"His response would be, 'There's a thousand other guys out there looking for work and they're not finding it either, so why should I bother?' "
Eventually, the marriage petered out.
"I said, 'Either you can come with me or you can sit here in my dust,'" she recalled. "Apparently, he sat there in my dust. I just moved on."
After moving on, Mrs. Kurek landed jobs in the health care sector, specializing in data technology.
One of her longest-standing jobs was with Cerner Corp. a health care data management firm. The pay was good. The travel was constant.
In 1996, she married Bill Kurek, a seemingly indefatigable salesman. His entire life he has worked for himself, first running a convenience store in the east suburbs. Later, as the real estate market blossomed, he moved into home sales.
"I've never been laid off," he said.
Five years ago, doctors pulled a tumor from his throat. A round of chemotherapy and radiation began.
Mrs. Kurek wanted more time at home, less in airport security lines. Two years ago, they found the home they wanted: a rambling, two-story brick house built in the 1970s and not touched since.
"I wanted to come home, stay home, be home, sleep in my own bed," she said.
She applied for a job managing data projects at UPMC. The pay was in the high range. The work was in Oakland.
The economy was in trouble.
"I was far enough up the food chain that I had some sense of what was going on," she said. "I just felt that if there were going to be some cuts that it would be easy to look at the line item that said Meg Kurek and say, 'What has she done for us lately? Who is she? Maybe we need to reduce here.' "
In September, she got the word: Her position was being eliminated after 18 months.
Her severance package included a month of salary and a month of health care. Picking up the cost of continued health coverage under the COBRA agreement would have used up virtually all of her monthly unemployment check.
In the one bit of perverse luck to visit the family, Bill crashed one of the cars just before their remaining month of medical insurance ran out.
He is waiting for some money to turn up -- he has a line on two house closings -- so he can receive an overdue root canal.
The precipice between survival and disaster is evident as the Kureks wonder about Meg's health -- she is diabetic -- and whether Bill can receive the five-year anniversary examination and tests to make sure the cancer hasn't come back.
A heart attack could be the difference.
"I guess it won't be a good outcome," she said, invoking the bloodless language of the health care business. "Either I'm going to be very poor or I'm going to be dead. One of the two."
Precisely where Meg Kurek's job went, and where her husband's real estate market sank, can be like tracking down the wind. It came from somewhere, but the elements that fed the storm are so disparate, so varied, so ephemeral, it takes a man like James Angel to explain.
He's a native of Beaver County, a Ph.D. in finance, associate professor at Georgetown University and he is, in his words, "about to start ranting on you."
Mr. Angel's rant goes this way: a wave of bad loans, primarily in a housing market filled with inflated mortgages that drove housing values to fictional levels, began to default. The downturn in housing hit hard. Then came the doubling of gasoline prices, which drove down the demand for cars.
The process accelerated: Fannie Mae and Freddie Mac entered a sort of receivership. Lehman Brothers and other firms, heavily invested in unregulated instruments interlaced with so many of the bad loans, began to implode.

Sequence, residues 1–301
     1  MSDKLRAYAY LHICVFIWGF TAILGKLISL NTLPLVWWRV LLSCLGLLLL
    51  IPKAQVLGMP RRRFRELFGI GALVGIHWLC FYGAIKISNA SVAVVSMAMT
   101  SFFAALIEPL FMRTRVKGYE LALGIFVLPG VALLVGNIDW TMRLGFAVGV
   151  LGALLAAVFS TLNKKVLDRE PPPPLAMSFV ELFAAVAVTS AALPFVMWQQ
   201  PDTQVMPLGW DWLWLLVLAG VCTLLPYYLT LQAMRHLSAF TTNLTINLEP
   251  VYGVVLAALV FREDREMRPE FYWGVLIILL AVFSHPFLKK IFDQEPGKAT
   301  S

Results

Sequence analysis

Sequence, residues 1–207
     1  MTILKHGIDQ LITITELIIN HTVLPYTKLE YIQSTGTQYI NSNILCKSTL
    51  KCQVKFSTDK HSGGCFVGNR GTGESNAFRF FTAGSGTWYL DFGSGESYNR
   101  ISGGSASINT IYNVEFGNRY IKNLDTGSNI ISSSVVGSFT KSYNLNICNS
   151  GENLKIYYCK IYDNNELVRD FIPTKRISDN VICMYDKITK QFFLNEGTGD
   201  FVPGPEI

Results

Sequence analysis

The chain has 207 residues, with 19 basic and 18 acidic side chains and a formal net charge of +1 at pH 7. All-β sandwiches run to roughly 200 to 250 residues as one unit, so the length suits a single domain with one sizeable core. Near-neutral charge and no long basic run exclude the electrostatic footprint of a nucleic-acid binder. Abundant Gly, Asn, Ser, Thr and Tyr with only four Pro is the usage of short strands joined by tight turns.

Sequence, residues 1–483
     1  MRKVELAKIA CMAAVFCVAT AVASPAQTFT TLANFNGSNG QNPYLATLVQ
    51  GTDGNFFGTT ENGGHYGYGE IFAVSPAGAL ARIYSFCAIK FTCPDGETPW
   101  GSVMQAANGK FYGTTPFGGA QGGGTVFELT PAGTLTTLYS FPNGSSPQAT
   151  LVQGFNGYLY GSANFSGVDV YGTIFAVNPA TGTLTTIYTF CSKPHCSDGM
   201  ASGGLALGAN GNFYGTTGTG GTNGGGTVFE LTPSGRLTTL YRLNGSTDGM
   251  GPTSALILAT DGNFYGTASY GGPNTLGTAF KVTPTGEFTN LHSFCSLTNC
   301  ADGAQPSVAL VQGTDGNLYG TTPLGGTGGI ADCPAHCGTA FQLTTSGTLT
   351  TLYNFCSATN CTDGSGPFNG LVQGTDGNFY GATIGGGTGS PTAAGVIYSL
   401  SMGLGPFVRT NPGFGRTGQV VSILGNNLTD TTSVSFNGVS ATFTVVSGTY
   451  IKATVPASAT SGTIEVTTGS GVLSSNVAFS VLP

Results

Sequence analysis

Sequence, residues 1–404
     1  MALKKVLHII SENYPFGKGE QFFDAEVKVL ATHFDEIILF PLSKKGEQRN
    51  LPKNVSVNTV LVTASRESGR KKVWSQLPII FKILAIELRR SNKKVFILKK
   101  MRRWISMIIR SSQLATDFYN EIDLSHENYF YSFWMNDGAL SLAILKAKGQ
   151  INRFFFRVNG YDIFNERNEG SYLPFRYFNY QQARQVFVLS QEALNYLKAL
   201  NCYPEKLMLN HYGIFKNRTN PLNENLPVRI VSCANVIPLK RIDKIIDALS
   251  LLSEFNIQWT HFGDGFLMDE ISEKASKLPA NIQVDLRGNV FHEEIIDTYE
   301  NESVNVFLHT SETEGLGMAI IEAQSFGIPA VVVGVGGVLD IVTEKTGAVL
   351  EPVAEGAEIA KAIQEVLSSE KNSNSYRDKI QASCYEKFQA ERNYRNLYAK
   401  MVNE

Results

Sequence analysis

With the process under way in an already soft economy, economic leaders didn't step up. He blames, in particular, then-Treasury Secretary Henry Paulson.
"They let all the counter-parties to Lehman take a hit and started bringing them down," Mr. Angel said.
As financial institutions tumbled, Mr. Paulson went before a congressional committee to argue for a $700 billion bailout plan to halt the spiral.
His testimony combined a level of surprise with an apparent acknowledgment that the Bush administration had no contingency plans for reining in the decline. In a three-page proposal, it asked for $700 billion and a free hand.
"They didn't know what was going on. Then they created one of the PR blunders of the century: they let the world know they didn't know what was going on," Mr. Angel said.
Almost overnight, confidence in American investments evaporated and the credit markets froze. Businesses could not borrow to meet payroll; projects stopped in mid-spade; stores emptied.
"I remember walking into Wal-Mart one night last October. It felt like something out of a ghost movie," Mr. Angel said. "What happened was everybody just put everything on hold. All of the inventory that was in the pipeline, that people were expecting to sell, they couldn't sell. All of a sudden you had this glut of unsold merchandise there."
And with that glut, nobody was lending. Nobody could borrow. The general good faith on which America's free market floated had evaporated.
Bill Kurek said he noticed that a few months ago. They are called "short sales" -- agreements to sell for less than the outstanding debt, something that avoids foreclosure, gets a lender at least some of his money back, and moves the house out of receivership.
When the housing market started to implode last summer, the short sales tended to be modest homes.
"I see some high-end short sales," he said. "It's getting more widespread."
Life has given Meg and Bill Kurek at least one happy ending before. Hers was the climb out of poverty in an era when steelworkers sat at home, impoverished, yet continued to see themselves as middle class. His was a clean prognosis at the last cancer checkup.
She has sent out her resume and kept up hopes. There are some nibbles. Possibly a job is waiting. Until then, the household change is still counted, the credit cards watched, the worry about health care ever-present.
Some old habits have helped.
"I still save my rubber bands and my plastic bags because I grew up in a household that did that," she said.
"Every once in a while," she said. "Mostly what I'm afraid of is having had the experience in the first marriage of quarrelling and not being nice to one another and things like that.
"Every now and then my husband and I now -- and he's a wonderful man and we have a wonderful relationship -- but we will kind of snip at one another and I think, 'Oh, I hope this never gets any worse.' "